What a whirlwind! This opportunity, this event, this life. These days I’m focused almost entirely on the Earth, climate change mitigation, and social impact at scale. This journey has been building over time, but in the last several years, it has certainly accelerated. For as much as I have learned and the wisdom of others I have been honored to reconvey, I try to stay centered in the gratitude that I will forever be a student of the Earth’s regenerative processes. Maybe it is because I like puzzles; the nuanced interconnectedness of all things; how microbes can roll up into social impact, and further still into global financial markets; how one cannot be considered without the other. That is what is coming into focus for me and, thankfully, for so many others. Quite frankly, the manner in which we collectively continue to exist on this planet depends upon it.
The abstraction of decarbonization and global temperature targets may be good for the alignment of humanity. Still, in some ways, it distracts us from the day-to-day actionable items we need to get there. They perhaps unintentionally keep people sitting on the Climate sidelines when all we really need is as many engaged people as possible. Sometimes it’s as simple as realizing the value of soil versus dirt.
Boston is arguably one of the most impactful of all the TEDx chapters. So, when I received an invitation to speak at MIT, it took a while for that to sink in. Am I an impostor, or is the lesson that we all can get our hands a little dirty and work towards change? TEDxBoston was pivoting towards solutions for the Earth and launching its inaugural Planetary Stewardship series, with roughly 60 speakers on four noteworthy stages over two days. They included astronauts, a senator, leading physicists on climate change, and the list goes on. The opportunity to bring awareness to our non-profit and the global impact of our mission was, to say the least, an amazing honor.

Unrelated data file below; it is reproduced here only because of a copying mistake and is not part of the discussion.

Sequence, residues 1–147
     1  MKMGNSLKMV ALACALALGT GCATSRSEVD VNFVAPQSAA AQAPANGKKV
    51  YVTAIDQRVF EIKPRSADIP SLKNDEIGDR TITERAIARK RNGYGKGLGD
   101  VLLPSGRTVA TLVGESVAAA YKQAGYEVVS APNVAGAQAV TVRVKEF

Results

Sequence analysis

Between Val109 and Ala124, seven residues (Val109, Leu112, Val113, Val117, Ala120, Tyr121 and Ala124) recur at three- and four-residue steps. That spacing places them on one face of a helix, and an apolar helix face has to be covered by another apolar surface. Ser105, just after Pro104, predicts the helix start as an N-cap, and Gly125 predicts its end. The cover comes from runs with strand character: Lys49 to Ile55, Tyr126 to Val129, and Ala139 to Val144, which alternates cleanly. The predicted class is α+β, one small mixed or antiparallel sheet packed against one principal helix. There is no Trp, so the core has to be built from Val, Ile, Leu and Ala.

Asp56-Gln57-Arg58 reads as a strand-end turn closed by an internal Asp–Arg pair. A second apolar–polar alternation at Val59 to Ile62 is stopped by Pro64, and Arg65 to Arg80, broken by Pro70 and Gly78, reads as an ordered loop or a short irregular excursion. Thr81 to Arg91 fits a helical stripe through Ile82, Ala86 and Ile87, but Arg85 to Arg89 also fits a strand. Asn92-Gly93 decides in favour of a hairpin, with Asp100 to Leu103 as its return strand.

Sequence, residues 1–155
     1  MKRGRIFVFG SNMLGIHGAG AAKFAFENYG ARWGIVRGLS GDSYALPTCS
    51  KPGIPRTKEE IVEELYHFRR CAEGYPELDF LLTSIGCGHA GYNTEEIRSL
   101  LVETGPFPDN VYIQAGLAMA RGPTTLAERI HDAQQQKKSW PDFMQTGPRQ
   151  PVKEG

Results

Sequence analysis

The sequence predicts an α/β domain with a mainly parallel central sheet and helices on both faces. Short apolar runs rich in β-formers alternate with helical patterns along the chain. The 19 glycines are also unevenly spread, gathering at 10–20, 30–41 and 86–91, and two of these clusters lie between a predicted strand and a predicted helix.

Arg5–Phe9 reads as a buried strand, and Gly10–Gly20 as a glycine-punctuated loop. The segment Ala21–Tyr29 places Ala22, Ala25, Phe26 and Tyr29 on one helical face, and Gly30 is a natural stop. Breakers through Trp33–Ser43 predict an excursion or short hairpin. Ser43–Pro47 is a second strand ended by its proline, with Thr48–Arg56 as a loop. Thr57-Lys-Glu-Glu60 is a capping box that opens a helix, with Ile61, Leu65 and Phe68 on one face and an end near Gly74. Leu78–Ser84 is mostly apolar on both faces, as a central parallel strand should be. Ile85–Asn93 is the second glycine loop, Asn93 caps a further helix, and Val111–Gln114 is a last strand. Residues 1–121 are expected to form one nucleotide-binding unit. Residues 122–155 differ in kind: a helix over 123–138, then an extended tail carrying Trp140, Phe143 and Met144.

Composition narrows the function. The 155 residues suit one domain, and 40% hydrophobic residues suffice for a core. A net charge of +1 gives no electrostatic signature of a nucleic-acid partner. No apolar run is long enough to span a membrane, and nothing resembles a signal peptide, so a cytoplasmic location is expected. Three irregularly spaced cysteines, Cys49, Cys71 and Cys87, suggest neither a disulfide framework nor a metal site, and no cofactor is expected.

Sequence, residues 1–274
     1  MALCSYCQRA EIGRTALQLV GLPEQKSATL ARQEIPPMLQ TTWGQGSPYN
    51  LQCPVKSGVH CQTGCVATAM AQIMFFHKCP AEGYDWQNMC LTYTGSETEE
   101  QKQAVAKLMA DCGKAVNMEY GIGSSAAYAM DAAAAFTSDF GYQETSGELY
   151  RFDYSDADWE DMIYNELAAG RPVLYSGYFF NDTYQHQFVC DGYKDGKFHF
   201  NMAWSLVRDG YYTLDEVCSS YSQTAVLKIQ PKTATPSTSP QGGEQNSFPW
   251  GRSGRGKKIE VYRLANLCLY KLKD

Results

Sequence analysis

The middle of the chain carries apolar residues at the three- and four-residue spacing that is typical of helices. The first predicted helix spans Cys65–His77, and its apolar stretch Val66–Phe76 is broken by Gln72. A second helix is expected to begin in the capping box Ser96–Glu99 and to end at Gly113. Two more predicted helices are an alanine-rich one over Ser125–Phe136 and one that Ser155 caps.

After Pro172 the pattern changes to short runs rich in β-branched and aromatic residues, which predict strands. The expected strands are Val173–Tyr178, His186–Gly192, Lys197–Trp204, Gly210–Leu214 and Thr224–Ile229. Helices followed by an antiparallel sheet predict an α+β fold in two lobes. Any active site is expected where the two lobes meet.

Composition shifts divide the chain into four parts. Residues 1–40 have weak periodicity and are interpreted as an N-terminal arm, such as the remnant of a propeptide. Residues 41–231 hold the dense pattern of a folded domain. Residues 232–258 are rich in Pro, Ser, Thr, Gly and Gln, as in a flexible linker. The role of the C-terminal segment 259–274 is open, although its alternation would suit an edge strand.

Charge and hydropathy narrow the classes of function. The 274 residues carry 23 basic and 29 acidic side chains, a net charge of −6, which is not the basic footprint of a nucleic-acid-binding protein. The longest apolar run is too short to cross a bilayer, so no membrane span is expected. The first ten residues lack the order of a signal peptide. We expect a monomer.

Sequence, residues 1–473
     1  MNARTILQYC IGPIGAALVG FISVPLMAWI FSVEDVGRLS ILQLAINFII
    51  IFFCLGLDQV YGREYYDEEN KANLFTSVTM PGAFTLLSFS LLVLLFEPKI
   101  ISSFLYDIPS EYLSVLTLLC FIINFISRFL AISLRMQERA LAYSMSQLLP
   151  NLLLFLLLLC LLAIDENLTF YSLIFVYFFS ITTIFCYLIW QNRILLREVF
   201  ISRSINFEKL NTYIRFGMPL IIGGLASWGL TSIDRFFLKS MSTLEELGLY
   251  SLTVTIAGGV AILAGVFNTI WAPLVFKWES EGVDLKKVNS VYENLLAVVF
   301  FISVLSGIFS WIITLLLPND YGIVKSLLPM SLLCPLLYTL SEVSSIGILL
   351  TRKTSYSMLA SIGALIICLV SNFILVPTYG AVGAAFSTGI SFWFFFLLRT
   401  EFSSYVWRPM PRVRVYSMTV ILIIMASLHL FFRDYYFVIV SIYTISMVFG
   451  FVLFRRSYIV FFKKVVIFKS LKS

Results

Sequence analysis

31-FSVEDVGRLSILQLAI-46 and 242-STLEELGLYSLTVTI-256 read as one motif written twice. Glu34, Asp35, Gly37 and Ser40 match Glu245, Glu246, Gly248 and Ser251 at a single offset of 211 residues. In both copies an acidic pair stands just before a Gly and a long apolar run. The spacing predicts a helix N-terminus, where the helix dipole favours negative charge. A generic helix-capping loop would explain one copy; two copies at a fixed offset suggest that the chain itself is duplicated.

I was invited to speak about how regenerative soil practices are a bright spot for climate change, food security, health, community building, and everything in between. With biomimicry as a backdrop to support nature’s technology, healthy soil practices repair broken water cycles, enhance nutrition sometimes 90 to 1, and at scale can pull as much carbon out of the air annually as we currently emit globally. Yet it is accessible and supports community building and equity unlike any other single global solution.
This message and the opportunities that it holds have been growing our list of partners and engaged communities. This TED Talk is just another indicator that we are on the right path. I’m grateful to have been invited to such a prestigious global stage to share this work. And I am excited to share it with you.
In other news, the REAP Climate Center just celebrated our two-year nonprofit anniversary, and our half-mile-long campus is coming together nicely. I’m incredibly proud of our team and many volunteers. In addition to the 1,200+ kids we have hosted thus far, we have also had 1,800+ adults. The visitors range from corporate experiences from the likes of Google to community members and at-risk populations seeking engagement and workforce development in a climate context.
Next month we’re honored to host all 85 people from San Francisco’s Department of The Environment and are connecting them with their Alameda municipal counterparts. Last week we hosted folks from the Alameda County Resource Conservation District.
Additional partner organizations also are moving on to the REAP Campus in the next couple of months. Next up: The Wild Oyster Project. Hopefully, twenty organizations will be onboarding over the next year. All these third-party groups have complementary regenerative climate missions and will help with onsite training and experiences for field trips, our community, and corporate partners.
Jonathan DeLong is the founder and executive director of the REAP Climate Center, located at 2133 Tynan Ave., off Mariner Square Drive, near the entrance to the Posey Tube. REAP’s half-mile-long campus and expansive climate mission foster regenerative processes and biodiversity through biomimicry and ecosystem support.
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